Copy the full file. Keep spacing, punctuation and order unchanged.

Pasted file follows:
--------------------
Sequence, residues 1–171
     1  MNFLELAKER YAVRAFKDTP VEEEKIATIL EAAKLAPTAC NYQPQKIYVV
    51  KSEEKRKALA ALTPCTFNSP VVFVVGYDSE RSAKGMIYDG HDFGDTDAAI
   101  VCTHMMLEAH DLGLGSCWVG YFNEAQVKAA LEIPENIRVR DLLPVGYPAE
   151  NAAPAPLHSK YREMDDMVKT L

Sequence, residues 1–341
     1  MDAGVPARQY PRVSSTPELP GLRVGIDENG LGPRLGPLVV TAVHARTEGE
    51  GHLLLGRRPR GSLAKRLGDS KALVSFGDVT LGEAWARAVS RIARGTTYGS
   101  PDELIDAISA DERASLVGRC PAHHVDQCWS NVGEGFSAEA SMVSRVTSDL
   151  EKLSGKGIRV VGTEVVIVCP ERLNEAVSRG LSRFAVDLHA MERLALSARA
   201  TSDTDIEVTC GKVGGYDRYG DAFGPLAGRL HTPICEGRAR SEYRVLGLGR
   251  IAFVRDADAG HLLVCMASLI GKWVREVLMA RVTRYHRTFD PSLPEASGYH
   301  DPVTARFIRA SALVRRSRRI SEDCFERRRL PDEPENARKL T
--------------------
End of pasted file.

Sequence, residues 1–171
     1  MNFLELAKER YAVRAFKDTP VEEEKIATIL EAAKLAPTAC NYQPQKIYVV
    51  KSEEKRKALA ALTPCTFNSP VVFVVGYDSE RSAKGMIYDG HDFGDTDAAI
   101  VCTHMMLEAH DLGLGSCWVG YFNEAQVKAA LEIPENIRVR DLLPVGYPAE
   151  NAAPAPLHSK YREMDDMVKT L

Sequence, residues 1–341
     1  MDAGVPARQY PRVSSTPELP GLRVGIDENG LGPRLGPLVV TAVHARTEGE
    51  GHLLLGRRPR GSLAKRLGDS KALVSFGDVT LGEAWARAVS RIARGTTYGS
   101  PDELIDAISA DERASLVGRC PAHHVDQCWS NVGEGFSAEA SMVSRVTSDL
   151  EKLSGKGIRV VGTEVVIVCP ERLNEAVSRG LSRFAVDLHA MERLALSARA
   201  TSDTDIEVTC GKVGGYDRYG DAFGPLAGRL HTPICEGRAR SEYRVLGLGR
   251  IAFVRDADAG HLLVCMASLI GKWVREVLMA RVTRYHRTFD PSLPEASGYH
   301  DPVTARFIRA SALVRRSRRI SEDCFERRRL PDEPENARKL T